Postal quote/directionality/talking to oneself

Daniel Everett dan.everett at MAN.AC.UK
Sat Nov 23 08:25:01 UTC 2002

On Friday, November 22, 2002, at 04:38  pm, Steve Long wrote:

> In a message dated 11/22/02 8:26:51 AM, jlmendi at POSTA.UNIZAR.ES writes:
> << Although this could sound paradoxical, I agree with Everett, but
> not with
> Haspelmath or Croft. If 'actuation' (and diffusion) is (are) social
> and not
> functional, then the explanation of lg change is not really functional
> >>
> The problem here I think is in viewing "social" as somehow opposite to
> functional.
> Martin Haspelmath's original point was that linguistic change has
> "directionality", something that apparently does not occur in
> "fashion" - and
> therefore that such change must be functional.

Hmm. This misses the point. Functionality constrains where change will
occur and, let us say, in what direction. But lots of languages have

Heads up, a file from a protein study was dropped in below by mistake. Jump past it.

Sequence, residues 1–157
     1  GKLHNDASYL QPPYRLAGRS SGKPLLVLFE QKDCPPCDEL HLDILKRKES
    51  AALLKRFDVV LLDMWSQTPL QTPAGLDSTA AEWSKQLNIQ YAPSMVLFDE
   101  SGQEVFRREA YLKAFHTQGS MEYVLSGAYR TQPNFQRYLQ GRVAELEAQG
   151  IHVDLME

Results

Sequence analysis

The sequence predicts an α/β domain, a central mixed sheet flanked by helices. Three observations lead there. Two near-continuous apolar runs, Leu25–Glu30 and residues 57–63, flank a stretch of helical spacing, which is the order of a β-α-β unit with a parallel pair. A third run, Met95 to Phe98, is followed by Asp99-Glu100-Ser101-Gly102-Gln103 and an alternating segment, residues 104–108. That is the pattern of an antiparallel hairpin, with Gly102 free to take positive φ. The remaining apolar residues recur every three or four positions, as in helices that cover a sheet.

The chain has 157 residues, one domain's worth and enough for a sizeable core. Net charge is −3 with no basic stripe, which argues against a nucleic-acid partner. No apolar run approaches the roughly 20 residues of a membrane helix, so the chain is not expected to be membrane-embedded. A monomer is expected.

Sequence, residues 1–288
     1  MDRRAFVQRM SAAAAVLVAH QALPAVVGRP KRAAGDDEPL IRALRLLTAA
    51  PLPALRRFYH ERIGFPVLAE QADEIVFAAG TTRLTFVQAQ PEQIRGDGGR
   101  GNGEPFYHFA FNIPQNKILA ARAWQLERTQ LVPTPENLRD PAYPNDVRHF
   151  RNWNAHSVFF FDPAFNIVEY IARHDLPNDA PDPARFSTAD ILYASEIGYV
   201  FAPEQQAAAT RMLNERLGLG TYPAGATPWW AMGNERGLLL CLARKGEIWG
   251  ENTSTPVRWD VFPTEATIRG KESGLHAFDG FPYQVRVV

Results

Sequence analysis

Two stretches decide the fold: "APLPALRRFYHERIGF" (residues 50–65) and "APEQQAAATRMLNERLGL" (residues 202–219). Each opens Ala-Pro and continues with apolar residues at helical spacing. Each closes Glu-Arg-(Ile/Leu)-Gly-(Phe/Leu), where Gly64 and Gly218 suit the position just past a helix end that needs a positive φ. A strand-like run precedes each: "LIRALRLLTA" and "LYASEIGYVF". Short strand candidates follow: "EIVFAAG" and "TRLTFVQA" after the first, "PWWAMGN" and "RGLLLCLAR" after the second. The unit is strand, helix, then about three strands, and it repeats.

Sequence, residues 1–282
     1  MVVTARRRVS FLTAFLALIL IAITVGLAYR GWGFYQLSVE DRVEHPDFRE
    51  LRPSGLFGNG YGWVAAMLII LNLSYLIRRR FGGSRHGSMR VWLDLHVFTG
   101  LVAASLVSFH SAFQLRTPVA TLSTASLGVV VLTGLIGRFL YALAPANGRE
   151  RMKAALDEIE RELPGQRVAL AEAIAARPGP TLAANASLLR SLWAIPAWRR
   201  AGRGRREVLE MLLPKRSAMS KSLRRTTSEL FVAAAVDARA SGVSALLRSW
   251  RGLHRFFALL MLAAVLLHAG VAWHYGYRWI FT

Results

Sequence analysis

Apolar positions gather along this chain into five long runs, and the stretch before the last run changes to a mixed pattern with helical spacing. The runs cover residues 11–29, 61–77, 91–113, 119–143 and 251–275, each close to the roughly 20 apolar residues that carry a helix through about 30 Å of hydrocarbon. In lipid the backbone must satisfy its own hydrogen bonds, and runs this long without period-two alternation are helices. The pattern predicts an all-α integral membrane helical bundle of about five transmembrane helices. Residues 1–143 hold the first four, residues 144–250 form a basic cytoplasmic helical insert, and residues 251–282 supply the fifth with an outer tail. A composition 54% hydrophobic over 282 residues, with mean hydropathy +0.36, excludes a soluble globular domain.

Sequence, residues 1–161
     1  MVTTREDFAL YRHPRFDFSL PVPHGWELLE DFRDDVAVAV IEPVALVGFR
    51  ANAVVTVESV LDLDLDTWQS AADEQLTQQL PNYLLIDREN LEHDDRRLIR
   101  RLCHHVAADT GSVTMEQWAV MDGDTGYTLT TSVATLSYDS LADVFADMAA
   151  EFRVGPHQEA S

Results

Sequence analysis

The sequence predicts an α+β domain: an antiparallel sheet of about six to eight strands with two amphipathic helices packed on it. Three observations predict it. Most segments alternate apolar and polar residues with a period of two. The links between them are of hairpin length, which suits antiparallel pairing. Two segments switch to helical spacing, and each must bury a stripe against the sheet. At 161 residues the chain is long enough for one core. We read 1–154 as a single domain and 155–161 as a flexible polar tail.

the same functional/structural points in their grammar which would,
under some views, favor change. Yet not all do. That is, two languages
have the same structure favoring change, yet one changes and the other
doesn't. Why not? The reason is likely to be social.

Or in other cases, there is no functional/structural pressure to
change, yet change nonetheless occurs. For example, Piraha (Amazonian)
seems to have had a perfectly good pronominal system, with tones and
clitics, yet it borrowed its current pronominal system from
Tupi-Guarani (probably Nheengatu, possibly Tenharim - see Thomason and
Everett 2001, in the penultimate (?) BLS proceedings and on Thomason's
website at U of Michigan).

Social and functional are not necessarily in competition, though they
seem to be much of the time. But they *are* different.

-- Dan Everett
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